University of Vermont

The College of Arts and Sciences

Department of Geography

Dr. Orzeck's new contact information:

Assistant Professor
The Department of Geography-Geology
Illinois State University
Campus Box 4400
Normal, IL 61790-4400

Email: rorzeck@ilstu.edu

Faculty - Reecia Orzeck

Photo of Reecia Orzeck

Reecia Orzeck, Ph.D. Assistant Professor

  • Ph.D., Syracuse University (2007)
  • C.V.
Area of expertise

Geography of the Middle East, global political-economy, legal geography, the body in critical and legal theory.

 

Dr. Orzeck has three areas of research interest:  The political economy of public international law; the role of international law in the Israeli-Palestinian conflict; and popular and scholarly representations of the body. Increasingly interested in academic work conditions, Dr. Orzeck has also begun to research and write about academic freedom. Dr. Orzeck teaches GEOG 070: Space, Place and Society, one of the Department of Geography’s introductory courses.  At the intermediate and advanced level, she teaches courses on Economic Geography, Geography of the Modern Middle East, and Geographies of the Body.  Dr. Orzeck holds a B.A. in Geography and Religious Studies from Queens University (1998), an M.A. in Geography from York University (2002), and a Ph.D. in Geography from Syracuse University (2007).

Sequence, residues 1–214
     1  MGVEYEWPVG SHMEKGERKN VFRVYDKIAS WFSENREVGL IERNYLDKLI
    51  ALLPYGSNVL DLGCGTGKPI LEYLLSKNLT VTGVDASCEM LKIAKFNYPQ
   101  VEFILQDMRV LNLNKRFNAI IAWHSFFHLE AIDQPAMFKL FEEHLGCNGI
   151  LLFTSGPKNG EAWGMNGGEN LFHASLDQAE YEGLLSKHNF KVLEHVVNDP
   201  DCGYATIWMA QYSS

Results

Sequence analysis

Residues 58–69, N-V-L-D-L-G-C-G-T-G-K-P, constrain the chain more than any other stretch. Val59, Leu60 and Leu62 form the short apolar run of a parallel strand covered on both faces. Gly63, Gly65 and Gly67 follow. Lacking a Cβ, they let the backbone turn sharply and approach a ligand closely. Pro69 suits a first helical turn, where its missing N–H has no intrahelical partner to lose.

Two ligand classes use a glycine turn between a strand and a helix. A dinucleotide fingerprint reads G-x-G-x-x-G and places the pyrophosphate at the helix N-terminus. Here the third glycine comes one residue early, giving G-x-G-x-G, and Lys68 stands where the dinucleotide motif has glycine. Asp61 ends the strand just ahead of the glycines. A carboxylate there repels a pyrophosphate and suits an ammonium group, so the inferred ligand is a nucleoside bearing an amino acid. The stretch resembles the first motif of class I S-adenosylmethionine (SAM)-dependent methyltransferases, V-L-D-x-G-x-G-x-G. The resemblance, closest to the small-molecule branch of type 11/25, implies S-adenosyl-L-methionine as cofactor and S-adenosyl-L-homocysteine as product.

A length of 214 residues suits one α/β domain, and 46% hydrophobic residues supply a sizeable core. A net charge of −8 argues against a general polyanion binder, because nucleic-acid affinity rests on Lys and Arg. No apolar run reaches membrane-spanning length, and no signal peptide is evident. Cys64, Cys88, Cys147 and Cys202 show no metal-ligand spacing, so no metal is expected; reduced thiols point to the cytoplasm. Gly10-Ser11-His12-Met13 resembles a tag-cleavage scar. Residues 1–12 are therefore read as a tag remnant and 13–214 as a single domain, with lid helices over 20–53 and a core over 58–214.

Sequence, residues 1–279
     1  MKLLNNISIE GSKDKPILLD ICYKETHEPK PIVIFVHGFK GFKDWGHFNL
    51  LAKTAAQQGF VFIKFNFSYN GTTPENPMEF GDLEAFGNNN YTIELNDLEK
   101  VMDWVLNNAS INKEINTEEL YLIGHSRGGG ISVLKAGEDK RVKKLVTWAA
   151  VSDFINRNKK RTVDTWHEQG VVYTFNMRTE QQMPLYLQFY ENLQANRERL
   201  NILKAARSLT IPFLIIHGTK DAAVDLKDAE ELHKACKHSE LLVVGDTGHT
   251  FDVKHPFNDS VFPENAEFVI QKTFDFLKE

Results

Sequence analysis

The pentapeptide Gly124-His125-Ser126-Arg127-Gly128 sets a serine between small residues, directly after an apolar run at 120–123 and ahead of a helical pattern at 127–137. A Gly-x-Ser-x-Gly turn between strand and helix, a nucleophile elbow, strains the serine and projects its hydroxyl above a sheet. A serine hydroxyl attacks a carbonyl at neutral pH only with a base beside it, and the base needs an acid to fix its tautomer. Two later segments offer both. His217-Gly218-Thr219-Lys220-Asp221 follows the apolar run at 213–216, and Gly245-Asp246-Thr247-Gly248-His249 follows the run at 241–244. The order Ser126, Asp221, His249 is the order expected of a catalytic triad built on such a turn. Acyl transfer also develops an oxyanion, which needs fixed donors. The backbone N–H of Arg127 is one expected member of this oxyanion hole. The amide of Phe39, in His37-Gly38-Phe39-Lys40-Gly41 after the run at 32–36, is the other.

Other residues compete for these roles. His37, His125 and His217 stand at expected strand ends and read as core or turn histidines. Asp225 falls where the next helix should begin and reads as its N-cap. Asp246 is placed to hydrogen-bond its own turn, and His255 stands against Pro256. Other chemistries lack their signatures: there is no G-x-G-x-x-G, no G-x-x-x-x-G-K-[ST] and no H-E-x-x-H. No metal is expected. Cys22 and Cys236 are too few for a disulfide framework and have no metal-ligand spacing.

She is currently preparing a monograph about international law for the University of Minnesota Press.

Quote: Like many converts to Geography, I began college with other plans. Flipping through course catalogues, however, I quickly realized that I could take a very wide range of courses, and satisfy my interest in several issues and regions, from within the discipline of Geography. Moreover, once I had a few years’ worth of courses under my belt, I realized that Geography is a remarkably interdisciplinary social science—taking the best from many of the disciplines around it, not only the social and physical sciences, but from humanities disciplines like History and Literature as well. Geography felt then, and still feels, like an extraordinarily creative and exciting discipline in which to work.